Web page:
"When you're trying to put together a policy like this, the co-equal branch of government that is the United States Congress should be far enough up on your list that it doesn't take you a week before you get to us, so it is not an acceptable answer for the Secretary of State to say to Congress, 'Sorry we didn't brief you earlier, but we were busy.' That doesn't fly," Smith said, adding that he was not satisfied with the briefing.

It was a sentiment shared across the Capitol by Senate Democrats. Senate Minority Leader Chuck Schumer, D-N.Y., said he told the three senior officials that they had to do a better job consulting Congress and the American people.

Shanahan pledged afterwards to be "more communicative with the American public."

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VallarieE/iStock(WASHINGTON) -- The Congressional Hispanic Caucus is demanding answers on the latest death of a minor who had been apprehended at the border.

The 16-year-old, who was traveling without his parents, died at a U.S. Border Patrol station on Monday while waiting to be picked up by the Department of Health and Human Services.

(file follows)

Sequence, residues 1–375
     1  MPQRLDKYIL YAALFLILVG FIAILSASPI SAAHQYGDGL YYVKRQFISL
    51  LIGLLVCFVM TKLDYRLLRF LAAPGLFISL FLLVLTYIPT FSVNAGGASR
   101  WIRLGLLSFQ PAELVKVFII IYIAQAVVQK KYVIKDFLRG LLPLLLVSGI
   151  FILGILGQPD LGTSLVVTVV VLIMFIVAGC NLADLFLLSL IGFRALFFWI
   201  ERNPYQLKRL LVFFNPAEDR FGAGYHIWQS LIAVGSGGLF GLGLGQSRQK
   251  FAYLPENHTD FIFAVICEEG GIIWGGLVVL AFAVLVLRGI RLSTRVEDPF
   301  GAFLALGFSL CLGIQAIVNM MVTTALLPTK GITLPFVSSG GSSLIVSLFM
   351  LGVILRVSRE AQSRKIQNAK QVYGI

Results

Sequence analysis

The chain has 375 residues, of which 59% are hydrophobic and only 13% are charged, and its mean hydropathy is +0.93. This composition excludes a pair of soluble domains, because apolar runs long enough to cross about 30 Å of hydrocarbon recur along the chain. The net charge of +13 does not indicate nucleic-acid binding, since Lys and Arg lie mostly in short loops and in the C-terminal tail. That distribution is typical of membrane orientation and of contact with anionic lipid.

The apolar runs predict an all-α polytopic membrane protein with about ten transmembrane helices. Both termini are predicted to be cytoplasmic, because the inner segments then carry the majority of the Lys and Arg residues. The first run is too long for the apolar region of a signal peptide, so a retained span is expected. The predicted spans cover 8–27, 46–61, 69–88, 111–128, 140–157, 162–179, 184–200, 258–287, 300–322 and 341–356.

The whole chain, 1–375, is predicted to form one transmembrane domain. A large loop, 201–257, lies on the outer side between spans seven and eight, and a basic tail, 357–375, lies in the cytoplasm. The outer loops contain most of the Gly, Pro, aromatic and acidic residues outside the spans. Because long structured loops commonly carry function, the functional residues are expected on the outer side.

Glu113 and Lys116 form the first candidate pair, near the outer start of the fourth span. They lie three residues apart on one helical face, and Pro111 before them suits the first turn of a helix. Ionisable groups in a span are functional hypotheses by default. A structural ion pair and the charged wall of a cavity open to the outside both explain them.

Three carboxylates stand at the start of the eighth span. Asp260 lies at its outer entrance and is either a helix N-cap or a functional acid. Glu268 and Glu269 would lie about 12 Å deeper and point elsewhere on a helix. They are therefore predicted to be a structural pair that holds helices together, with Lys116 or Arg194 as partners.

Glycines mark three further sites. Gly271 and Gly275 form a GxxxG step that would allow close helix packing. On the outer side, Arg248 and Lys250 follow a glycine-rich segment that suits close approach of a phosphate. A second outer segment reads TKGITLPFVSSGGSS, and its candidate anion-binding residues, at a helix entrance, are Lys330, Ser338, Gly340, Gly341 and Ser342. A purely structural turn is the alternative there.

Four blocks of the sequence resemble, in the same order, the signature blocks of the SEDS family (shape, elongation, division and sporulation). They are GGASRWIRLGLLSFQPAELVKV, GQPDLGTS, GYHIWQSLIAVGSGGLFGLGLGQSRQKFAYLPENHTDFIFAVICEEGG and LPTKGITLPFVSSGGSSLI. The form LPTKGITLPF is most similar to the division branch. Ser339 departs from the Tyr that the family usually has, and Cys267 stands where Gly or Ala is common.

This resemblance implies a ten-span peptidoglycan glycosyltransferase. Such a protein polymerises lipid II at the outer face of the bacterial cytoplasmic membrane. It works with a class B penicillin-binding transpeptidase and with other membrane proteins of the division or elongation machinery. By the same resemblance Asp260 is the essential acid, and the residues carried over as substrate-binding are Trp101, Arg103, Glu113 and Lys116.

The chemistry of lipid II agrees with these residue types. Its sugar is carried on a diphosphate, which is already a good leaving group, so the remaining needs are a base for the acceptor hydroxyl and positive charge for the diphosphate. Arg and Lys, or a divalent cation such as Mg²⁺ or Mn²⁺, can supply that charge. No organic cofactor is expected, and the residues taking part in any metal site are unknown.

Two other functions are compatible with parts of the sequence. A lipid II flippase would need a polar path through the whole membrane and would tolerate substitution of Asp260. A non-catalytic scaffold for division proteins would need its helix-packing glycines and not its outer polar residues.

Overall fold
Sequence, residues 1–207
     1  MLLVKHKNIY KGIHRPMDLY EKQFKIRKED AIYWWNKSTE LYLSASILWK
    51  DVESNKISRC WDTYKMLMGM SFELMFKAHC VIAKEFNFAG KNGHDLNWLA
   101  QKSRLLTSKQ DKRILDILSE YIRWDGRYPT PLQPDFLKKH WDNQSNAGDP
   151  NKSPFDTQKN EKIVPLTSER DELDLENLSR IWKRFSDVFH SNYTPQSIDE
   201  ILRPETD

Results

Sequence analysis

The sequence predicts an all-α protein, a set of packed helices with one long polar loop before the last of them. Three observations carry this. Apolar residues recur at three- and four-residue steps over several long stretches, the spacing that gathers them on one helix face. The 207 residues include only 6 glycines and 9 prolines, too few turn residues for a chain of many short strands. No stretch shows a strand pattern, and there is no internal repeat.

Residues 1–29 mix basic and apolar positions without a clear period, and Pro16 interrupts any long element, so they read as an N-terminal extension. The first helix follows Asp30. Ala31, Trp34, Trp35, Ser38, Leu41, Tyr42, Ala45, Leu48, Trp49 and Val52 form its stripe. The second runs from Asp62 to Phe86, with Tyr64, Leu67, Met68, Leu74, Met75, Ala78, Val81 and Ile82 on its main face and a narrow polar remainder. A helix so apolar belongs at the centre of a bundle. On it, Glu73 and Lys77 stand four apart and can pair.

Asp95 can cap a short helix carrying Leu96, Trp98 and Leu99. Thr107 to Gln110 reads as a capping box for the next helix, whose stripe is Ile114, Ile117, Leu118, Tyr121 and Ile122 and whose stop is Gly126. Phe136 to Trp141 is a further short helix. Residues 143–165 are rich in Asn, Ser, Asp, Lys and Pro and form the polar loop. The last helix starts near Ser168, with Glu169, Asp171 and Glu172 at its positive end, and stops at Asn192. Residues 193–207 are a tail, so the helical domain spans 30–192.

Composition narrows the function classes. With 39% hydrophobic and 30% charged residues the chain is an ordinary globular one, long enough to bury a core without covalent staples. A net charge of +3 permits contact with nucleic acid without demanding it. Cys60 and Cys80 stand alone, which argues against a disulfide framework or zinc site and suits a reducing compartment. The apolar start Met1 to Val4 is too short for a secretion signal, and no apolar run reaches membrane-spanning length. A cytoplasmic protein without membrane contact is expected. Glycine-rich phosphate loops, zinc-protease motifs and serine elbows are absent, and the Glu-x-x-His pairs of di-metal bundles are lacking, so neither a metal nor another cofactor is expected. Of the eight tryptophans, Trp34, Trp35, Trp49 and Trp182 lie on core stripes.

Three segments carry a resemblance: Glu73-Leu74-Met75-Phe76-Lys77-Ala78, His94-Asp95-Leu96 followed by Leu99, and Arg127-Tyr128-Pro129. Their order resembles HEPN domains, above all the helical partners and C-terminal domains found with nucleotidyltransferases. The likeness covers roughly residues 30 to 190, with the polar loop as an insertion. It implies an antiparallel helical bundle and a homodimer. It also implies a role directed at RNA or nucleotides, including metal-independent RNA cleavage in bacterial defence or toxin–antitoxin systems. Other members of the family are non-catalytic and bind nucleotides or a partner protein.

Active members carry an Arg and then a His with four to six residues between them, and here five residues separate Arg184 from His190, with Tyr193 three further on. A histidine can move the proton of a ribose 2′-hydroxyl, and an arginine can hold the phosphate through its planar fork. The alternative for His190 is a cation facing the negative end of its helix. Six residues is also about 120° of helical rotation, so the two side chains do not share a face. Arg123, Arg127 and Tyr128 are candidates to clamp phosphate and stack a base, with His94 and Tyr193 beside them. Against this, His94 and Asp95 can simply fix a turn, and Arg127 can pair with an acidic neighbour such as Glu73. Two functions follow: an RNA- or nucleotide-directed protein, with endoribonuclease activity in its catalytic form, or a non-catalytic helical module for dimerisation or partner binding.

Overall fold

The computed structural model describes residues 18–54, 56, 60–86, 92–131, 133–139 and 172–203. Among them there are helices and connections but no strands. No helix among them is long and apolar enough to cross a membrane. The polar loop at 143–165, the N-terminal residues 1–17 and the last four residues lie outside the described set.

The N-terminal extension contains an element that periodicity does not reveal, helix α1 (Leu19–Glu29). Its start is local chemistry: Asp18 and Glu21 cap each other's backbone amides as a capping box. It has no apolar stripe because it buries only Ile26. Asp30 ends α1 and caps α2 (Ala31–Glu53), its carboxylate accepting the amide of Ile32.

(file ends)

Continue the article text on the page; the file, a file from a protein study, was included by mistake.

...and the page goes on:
Joined by fellow Democratic caucus members, Rep. Joaquin Castro, D-Texas, said Tuesday that the Trump administration must end policies that force migrants to remain in Mexico during the asylum process.

"This is an epidemic of death by the Trump administration," Castro told reporters.

The Hispanic Caucus chairman accused the administration of withholding information from Congressional inquiries, citing the recent death of a 2-year-old whose name has not been made public.

"They're concealing the truth of these atrocities to the American people," Castro said.

Democrats have consistently railed against the administration, following the recent deaths of minors in U.S. custody, with threats to launch congressional inquiries and oversight probes.

The death on Monday of 16-year-old Carlos Gregorio Hernandez Vasquez, marks the third time in the past month that a minor has died after being apprehended along the border.

U.S. authorities have struggled to handle the influx of migrant families and children who, according to U.S. Customs and Border Protection, mostly turn themselves over to agents after crossing.